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Topic # 191308 31-Jan-2016 17:21
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This is partly a rant, and partly a plea for help. When fiddling with computers, I often seem to run into issues that make me wonder about the common sense of the hardware and/or software designers. Sometimes these issues have good reasons that are hidden to me due to ignorance and lack of understanding on my part. Other times, though, they just leave me scratching my head in bewilderment.


Here is the latest example: I am trying to set up a streaming computer with 5.1 channel surround sound through the HDMI port. All the drivers I can find correctly say that the audio is digital HD, but then they insist on setting it to 2-channel stereo. I have been battling this for days, and apparently it is a widespread problem. Some of it seems to be the fault of Windows (nothing new there) but some also seems to be due to a stunning lack of perception on the part of graphics card programmers. At least, that is my impression.


What I don't get is why these cards (many different manufacturers, if not all of them) have no options whatsoever to override automatic assumptions and manually set things the way you need them to be. This is incredibly frustrating, not only to me. The problem in my case, as well as others, is that I want to feed the HDMI signal to a TV (Sony) that then passes the audio on to my amp via a toslink cable. 


From what I understand, the audio software sees the TV, with two speakers, but not the pass-through cable, with digital audio, so sets itself to stereo out with no possibility to correct that. Am I missing something or are the designers really that stupid? In any case, the result is that I can find no way to override this. There are workarounds to be sure, such as running a digital audio cable from the computer directly to the amp, but I think it is ridiculous to have to resort to this kind of thing when there is already a perfectly good digital audio signal going into the HDMI connector.


Is there a way to fix this? I would be grateful to know. 


 





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  Reply # 1482342 31-Jan-2016 17:39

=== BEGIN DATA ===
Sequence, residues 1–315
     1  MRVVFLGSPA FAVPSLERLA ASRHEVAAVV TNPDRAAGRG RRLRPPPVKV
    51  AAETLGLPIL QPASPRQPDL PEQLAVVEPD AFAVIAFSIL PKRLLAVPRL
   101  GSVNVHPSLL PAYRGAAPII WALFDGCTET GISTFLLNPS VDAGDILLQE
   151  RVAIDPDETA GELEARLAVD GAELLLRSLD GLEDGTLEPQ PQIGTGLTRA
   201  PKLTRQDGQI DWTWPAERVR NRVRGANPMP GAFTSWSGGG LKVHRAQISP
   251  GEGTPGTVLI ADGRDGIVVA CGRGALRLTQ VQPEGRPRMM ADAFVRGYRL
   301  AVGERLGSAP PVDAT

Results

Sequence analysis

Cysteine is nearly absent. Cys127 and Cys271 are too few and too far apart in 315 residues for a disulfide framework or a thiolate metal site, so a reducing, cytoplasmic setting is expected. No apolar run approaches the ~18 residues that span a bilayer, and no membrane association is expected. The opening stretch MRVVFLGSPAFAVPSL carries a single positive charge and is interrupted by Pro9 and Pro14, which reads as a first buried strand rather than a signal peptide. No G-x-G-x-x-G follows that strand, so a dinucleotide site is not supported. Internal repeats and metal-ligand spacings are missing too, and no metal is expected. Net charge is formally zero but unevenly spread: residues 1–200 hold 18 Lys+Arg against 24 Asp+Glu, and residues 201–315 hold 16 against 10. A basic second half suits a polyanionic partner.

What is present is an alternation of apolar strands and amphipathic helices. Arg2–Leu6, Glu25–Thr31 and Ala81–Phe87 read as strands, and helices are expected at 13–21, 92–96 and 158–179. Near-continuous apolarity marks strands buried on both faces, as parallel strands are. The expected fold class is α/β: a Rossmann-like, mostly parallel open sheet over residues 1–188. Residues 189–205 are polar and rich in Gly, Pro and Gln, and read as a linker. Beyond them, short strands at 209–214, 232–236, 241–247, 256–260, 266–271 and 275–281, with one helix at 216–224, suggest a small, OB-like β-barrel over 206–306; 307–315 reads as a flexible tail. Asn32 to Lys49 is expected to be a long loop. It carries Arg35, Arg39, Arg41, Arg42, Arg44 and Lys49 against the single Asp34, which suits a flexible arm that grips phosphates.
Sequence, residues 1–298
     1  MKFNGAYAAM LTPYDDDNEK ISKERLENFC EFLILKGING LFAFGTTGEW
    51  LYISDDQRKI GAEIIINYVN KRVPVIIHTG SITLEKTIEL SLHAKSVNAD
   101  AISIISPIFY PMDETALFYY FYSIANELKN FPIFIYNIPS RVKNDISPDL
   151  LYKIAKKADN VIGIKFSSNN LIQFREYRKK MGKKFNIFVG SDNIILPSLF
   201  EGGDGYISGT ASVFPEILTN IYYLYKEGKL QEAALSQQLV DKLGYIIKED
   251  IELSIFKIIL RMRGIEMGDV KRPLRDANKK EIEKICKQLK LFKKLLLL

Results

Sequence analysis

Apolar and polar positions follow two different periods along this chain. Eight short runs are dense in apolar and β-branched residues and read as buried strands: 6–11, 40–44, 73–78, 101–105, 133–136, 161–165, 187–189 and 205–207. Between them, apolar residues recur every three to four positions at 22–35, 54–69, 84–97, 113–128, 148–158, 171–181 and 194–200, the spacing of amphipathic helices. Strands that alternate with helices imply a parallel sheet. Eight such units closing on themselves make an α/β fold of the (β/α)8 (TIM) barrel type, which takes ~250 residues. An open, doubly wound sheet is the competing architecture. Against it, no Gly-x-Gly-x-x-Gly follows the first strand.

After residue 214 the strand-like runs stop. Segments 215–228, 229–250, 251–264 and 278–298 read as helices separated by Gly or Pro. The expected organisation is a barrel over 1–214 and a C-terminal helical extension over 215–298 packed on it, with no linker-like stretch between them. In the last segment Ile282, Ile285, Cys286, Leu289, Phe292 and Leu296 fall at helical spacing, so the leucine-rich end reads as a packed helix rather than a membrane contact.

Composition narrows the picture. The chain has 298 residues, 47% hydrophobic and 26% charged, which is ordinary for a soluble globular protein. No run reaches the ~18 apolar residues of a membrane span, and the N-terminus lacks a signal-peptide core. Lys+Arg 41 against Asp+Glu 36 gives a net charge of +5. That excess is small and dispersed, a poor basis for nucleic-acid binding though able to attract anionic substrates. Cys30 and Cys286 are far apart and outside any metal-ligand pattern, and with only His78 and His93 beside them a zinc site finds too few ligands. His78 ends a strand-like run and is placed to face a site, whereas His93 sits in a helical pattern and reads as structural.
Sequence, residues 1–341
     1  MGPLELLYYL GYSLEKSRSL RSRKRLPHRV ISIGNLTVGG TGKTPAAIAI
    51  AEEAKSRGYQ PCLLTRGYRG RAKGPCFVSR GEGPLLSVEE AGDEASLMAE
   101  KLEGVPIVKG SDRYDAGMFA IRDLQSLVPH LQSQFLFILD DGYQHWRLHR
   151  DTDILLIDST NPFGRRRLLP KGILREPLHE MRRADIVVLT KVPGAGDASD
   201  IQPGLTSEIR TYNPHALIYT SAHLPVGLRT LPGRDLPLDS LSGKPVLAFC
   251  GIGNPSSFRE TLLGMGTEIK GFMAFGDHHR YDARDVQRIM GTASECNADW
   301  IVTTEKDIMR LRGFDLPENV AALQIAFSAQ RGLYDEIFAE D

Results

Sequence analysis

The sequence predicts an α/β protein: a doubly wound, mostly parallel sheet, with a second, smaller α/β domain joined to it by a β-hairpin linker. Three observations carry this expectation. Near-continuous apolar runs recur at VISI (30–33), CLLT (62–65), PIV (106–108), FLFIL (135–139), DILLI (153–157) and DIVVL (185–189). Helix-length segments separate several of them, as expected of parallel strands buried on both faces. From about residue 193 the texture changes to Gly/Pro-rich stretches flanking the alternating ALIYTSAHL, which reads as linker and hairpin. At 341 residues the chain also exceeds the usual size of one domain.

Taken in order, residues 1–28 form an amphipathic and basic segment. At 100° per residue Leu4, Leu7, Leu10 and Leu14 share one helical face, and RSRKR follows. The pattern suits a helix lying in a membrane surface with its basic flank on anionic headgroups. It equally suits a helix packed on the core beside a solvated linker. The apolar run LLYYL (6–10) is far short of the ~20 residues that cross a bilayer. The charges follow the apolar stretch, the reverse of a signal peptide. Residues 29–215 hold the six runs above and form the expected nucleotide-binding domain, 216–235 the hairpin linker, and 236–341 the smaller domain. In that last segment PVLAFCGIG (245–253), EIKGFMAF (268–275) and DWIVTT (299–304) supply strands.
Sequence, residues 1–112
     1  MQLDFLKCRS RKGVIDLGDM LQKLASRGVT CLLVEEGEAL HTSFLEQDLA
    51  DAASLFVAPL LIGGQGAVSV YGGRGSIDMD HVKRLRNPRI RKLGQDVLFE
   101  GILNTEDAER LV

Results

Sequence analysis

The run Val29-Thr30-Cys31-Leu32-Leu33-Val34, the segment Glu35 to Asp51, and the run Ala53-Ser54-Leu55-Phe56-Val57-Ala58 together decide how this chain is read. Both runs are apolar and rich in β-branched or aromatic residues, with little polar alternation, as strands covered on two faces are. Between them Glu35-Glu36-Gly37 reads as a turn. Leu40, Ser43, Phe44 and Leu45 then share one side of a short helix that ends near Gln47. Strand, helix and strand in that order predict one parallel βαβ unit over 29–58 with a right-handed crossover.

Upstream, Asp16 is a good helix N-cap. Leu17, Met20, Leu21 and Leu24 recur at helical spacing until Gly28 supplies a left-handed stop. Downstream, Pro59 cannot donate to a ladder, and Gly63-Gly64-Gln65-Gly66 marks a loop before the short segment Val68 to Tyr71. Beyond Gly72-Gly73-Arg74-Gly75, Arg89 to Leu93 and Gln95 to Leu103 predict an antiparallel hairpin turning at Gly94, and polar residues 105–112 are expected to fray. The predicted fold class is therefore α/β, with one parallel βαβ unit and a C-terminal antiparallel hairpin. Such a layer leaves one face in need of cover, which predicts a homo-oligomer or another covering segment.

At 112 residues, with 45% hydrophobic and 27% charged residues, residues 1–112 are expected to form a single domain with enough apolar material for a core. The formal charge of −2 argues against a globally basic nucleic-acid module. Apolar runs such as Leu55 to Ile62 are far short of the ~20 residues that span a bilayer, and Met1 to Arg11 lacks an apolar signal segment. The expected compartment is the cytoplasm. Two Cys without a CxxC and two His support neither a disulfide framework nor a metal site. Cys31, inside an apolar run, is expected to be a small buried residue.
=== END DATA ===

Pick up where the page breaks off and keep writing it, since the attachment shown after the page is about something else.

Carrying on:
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They will only output what the TV reports it is able to handle. Check the EDID of the TV if it says it can do multichannel. Most cannot, and at best will pass a bitstream from the HDMI over to the optical out, but really you should be going from the PC to the reciever over HDMI and then onto the amp so it can support multichannel audio.

 

Bitstream over HDMI is so limited and useless that its not really that well supported for legacy codecs that will output over optical.





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  Reply # 1482355 31-Jan-2016 18:01
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richms:

They will only output what the TV reports it is able to handle. Check the EDID of the TV if it says it can do multichannel. Most cannot, and at best will pass a bitstream from the HDMI over to the optical out, but really you should be going from the PC to the reciever over HDMI and then onto the amp so it can support multichannel audio.


Bitstream over HDMI is so limited and useless that its not really that well supported for legacy codecs that will output over optical.



Yip, nothing to do with the PC. The TV will only output multi zone audio from freeview or its own apps. It's not an HDMI pass through device.


 
 
 
 


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  Reply # 1482363 31-Jan-2016 18:35
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EDID issue, if the amp doesn't support HDMI then it's going to be down to a digital audio cable out of the computer, into the amp.

 

Remember that optical and digital coax cables can't take Dolby TrueHD, DTS Master HD, Dolby ATMOS or DTS X, they require HDMI connectivity.




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  Reply # 1482395 31-Jan-2016 19:29
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Thanks for the replies. I’m not sure I understand all of it. I have tested the TV by running other sources through it, like the Blu-Ray player and the terrestrial STB, and the multi-channel audio seemed to work fine. With the STB I had some recorded 5.1 stuff that played back correctly. I checked it carefully to make sure it really was multi-channel.

 

Just passing a bitstream over to optical out is exactly what I think I want to do. At this stage I’m not trying to achieve anything fancy. I just want to be able to pass 5.1 Dolby digital to the TV with the HDMI connector and have it feed to the amp via the optical cable. If I can just get it to do that, I will be delighted.

 

I’m not sure I understand what you mean by “going from the PC to the receiver over HDMI and then onto the amp”. Isn’t that what I am trying to do? In this case the TV is the receiver and then I do pass the digital audio signal on to the amp via the Toslink cable.

 

Anyway, thanks again for helping with this. I am finding it a pure exercise in frustration.

 

 

 

 





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  Reply # 1482398 31-Jan-2016 19:38
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PCs are set up to typically decode the audio and output multichannel audio. Some playback software like VLC may be able to force it to output the bitstream directly from the source media to the sound device on your video card, but that means you have to have a source file that is fully compliant with what your reciever is expecting.

 

Since optical has no handshake then there isnt any way for the PC to know for sure what it can do so its reliant on what the TV says it is able to decode.